Nice For What: dissecting the intersectionality of the ABW and Good-Girl
By: Deah Berry Mitchell
If you’re not aware of the term “ABW” you’re probably not a part of a group that’s considered angry, or Black…or perhaps not even a woman. Angry Black Woman (ABW for short) is an acronym that has been around so long I don’t even remember the first time I heard it used. It is a descriptor often given to us by white America by way of media, literature, social spaces and interpersonal interactions.
As an African-American woman who works in a professional setting, I cringe when a seemingly well-meaning co-worker refers to me as “sassy”. I am constantly under pressure to watch my tone as to not seem too aggressive. I don’t often use slang or street vernacular in work settings for fear that it will prevent me from advancing in my career. I also don’t speak about what kind of car I drive or where I live or vacation for fear of being called “arrogant” or “uppity”. I’ve done well for myself so far using these restrictive methods at work. Until two years ago I wore my hair in a “safe” style as to not offend anyone with my flyaway hairs or kinky roots. I try my best to avoid socializing amongst a group of more than two other African-Americans because I know that some – not all- but some see our socializing as a secret meeting to plot and overthrow ‘The Man’. These may sound comical, but every black woman that I know of has experienced one or more of these scenarios in her career and she has been forced to make a choice at some point. Do I say anything or stay silent?
This term is not only reserved for corporate settings however, it is a catch-all phrase that often describes the likes of sports stars (Serena Williams), political officials (Representative Maxine Waters, Senator Kamala Harris, and First Lady Michelle Obama are three examples) and celebrities such as Omarosa Manigault Newman, ESPN’s Jemele Hill, and even Beyoncé has not been exempt from the negative trope. The term “sapphire caricature” is credited as being the first role in film that perpetuated the myth of the angry black woman on film and later society. If Hattie McDaniel’s Mammie popularized the role of the black woman as caretaker or maid, Ernestine Wade’s Sapphire Steven’s, a character from the long-running Amos n’ Andy show, solidified the ill-mannered, rude, finger wagging, hyper-sensitive stereotype of the black woman still seen today.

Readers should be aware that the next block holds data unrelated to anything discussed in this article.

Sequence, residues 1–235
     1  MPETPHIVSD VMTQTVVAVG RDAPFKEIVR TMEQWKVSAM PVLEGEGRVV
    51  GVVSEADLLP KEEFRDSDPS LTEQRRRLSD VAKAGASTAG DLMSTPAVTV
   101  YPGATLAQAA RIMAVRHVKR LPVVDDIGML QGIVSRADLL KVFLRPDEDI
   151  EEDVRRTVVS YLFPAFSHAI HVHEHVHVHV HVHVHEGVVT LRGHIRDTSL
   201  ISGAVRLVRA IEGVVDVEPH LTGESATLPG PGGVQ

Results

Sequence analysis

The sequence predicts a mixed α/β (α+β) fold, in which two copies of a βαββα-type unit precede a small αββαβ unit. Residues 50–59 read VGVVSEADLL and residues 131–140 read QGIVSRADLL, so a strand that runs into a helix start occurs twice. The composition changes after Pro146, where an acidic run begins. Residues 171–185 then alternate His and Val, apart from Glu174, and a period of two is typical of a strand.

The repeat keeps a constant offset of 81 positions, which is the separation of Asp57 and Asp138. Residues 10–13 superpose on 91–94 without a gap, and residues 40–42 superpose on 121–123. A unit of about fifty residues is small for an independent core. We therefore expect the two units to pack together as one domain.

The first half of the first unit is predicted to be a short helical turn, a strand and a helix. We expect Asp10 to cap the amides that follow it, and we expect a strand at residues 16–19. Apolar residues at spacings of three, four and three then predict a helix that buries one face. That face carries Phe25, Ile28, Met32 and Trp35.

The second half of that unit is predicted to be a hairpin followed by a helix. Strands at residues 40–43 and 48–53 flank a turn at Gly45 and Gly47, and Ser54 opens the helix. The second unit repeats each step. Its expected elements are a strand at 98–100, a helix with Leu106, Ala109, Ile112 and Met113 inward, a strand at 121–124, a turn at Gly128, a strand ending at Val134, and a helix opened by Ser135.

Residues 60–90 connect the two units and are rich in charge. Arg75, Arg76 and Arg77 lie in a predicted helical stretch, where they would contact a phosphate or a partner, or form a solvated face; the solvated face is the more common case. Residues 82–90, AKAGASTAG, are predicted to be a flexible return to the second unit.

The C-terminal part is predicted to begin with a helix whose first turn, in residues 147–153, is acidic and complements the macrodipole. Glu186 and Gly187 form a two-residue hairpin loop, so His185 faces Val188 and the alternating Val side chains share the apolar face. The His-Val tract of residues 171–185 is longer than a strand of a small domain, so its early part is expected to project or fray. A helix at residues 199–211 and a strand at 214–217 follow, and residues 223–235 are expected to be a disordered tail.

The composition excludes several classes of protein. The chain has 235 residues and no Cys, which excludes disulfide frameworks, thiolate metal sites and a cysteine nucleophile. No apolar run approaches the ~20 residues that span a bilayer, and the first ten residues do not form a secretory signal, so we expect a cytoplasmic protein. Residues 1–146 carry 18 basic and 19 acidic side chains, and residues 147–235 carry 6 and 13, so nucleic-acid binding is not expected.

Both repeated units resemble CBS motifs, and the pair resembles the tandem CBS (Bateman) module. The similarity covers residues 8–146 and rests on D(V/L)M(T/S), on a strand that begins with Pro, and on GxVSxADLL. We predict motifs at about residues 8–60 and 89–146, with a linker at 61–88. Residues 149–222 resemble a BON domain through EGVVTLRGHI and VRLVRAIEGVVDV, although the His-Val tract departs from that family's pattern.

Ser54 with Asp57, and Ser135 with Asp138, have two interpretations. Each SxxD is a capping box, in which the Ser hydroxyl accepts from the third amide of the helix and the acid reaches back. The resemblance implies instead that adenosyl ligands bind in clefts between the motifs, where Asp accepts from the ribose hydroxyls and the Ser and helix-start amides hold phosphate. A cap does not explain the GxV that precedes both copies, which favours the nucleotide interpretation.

Most recently I was placed in a situation where I was forced to not “overreact” in a work setting. As the senior-most person in the room I was charged with leading a team meeting to discuss logistics for an upcoming event. Our staff was gathered around the long wooden conference table as we reviewed the agenda being projected onto the large screen from the coordinator’s laptop. During what I perceived as an usually long time discussing something of minor importance to the functionality of the meeting, and in an effort to keep us on track I interrupted the side chatter in order to direct attention back to the screen. After informing the staff that we would side-line the topic of conversation I turned to review the agenda on the screen when I saw an inner-office message sent via Skype messaging pop into the lower right corner that read,
“Ugh! She makes me sooooooo sick!!!”